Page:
Share Email Print

Journal of Micro/Nanolithography, MEMS, and MOEMS

Theoretical analysis of 157-nm hard pellicle system purification via a cyclic purge/fill process
Author(s): Gregory F. Nellis; Amr Y. Abdo; Roxann L. Engelstad; Eric P. Cotte
Format Member Price Non-Member Price
PDF $20.00 $25.00
cover GOOD NEWS! Your organization subscribes to the SPIE Digital Library. You may be able to download this paper for free. Check Access

Paper Abstract

Optical lithography with 157-nm light is expected to bridge the gap between 193-nm technology and next-generation lithography. One important practical difficulty facing the implementation of 157-nm technology is gas absorption of 157-nm light. The exposure process for 193-nm technology is carried out in an air environment, but oxygen gas and water vapor severely attenuate 157-nm radiation. However, 157-nm exposure can be carried out in a nitrogen environment, which can be achieved by purging. A challenging aspect of the nitrogen purging process is the evacuation of the volume delineated by the pellicle frame, and the 800-µm-thick hard pellicle plate, which can fracture when subjected to an excessive pressure difference. A technique for pellicle purification via a cyclic purging and filling process is investigated. A theoretical analysis of the gas flow and pressure variation in the system is presented. The maximum stress induced in the hard pellicle during the process is predicted using finite element modeling. The minimum time for purification without causing excessive stress in the pellicle plate is estimated for a nominal set of conditions. Finally, a parametric analysis of important geometric variables including the size and number of purging holes as well as the filter resistance is presented.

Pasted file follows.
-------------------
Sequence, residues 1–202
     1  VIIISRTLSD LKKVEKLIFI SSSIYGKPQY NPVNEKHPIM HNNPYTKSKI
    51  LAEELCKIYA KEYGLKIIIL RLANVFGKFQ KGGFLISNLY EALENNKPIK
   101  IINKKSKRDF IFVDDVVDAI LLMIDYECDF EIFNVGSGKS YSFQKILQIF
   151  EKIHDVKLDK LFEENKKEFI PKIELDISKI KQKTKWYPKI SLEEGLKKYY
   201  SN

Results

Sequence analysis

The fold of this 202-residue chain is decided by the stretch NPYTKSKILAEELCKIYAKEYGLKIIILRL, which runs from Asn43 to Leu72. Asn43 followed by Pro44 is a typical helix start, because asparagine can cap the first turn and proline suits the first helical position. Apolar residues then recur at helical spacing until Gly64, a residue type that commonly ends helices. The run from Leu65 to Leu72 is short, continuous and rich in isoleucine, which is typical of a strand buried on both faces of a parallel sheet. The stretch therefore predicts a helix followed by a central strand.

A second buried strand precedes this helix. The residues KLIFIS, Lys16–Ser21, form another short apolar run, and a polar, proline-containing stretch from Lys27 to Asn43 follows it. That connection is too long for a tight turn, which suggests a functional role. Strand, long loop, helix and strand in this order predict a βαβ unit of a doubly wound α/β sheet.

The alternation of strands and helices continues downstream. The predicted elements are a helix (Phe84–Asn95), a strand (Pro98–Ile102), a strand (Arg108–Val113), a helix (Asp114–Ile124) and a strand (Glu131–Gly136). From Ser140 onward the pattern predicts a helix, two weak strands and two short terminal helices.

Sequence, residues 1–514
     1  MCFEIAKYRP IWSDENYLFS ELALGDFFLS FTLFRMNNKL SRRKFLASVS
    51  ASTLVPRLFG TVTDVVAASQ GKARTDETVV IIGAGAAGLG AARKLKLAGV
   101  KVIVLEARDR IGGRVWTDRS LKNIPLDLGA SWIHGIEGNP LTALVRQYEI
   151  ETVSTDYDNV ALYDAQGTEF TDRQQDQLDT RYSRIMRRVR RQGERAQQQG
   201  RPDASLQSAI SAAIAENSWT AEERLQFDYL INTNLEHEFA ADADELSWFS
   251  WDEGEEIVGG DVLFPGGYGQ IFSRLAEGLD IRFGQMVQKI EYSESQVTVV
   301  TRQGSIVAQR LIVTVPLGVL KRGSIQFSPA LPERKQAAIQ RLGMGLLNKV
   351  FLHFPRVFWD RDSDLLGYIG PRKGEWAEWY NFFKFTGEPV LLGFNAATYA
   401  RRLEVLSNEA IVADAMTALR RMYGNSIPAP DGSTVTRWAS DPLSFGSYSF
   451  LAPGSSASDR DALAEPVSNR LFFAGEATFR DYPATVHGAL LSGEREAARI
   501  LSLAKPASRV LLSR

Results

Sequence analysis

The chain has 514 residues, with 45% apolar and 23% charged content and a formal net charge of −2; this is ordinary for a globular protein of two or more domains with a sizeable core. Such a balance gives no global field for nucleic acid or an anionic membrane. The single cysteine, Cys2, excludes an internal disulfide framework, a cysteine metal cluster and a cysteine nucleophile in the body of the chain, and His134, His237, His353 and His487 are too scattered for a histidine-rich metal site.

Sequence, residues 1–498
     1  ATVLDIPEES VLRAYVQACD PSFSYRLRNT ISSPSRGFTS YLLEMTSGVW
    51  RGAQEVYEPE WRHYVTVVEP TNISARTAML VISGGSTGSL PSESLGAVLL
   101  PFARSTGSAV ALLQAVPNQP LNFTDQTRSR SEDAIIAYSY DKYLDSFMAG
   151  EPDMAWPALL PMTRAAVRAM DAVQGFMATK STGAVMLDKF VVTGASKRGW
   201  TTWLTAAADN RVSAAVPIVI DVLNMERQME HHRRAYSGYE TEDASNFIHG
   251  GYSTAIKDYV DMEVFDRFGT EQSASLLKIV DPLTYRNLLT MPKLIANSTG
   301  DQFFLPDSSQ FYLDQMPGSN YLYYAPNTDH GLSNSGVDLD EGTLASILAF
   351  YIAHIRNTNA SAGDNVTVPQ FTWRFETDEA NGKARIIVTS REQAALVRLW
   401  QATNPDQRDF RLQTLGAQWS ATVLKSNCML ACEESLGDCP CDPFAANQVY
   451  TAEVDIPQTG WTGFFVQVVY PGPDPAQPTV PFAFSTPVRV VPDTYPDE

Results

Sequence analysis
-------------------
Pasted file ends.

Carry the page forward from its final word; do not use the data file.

Paper Details

Date Published: 1 January 2004
PDF: 8 pages
J. Micro/Nanolith. MEMS MOEMS 3(1) doi: 10.1117/1.1630313
Published in: Journal of Micro/Nanolithography, MEMS, and MOEMS Volume 3, Issue 1
Show Author Affiliations
Gregory F. Nellis, Univ. of Wisconsin/Madison (United States)
Amr Y. Abdo, Univ. of Wisconsin/Madison (United States)
Roxann L. Engelstad, Univ. of Wisconsin/Madison (United States)
Eric P. Cotte, Univ. of Wisconsin/Madison (United States)

© SPIE. Terms of Use
Back to Top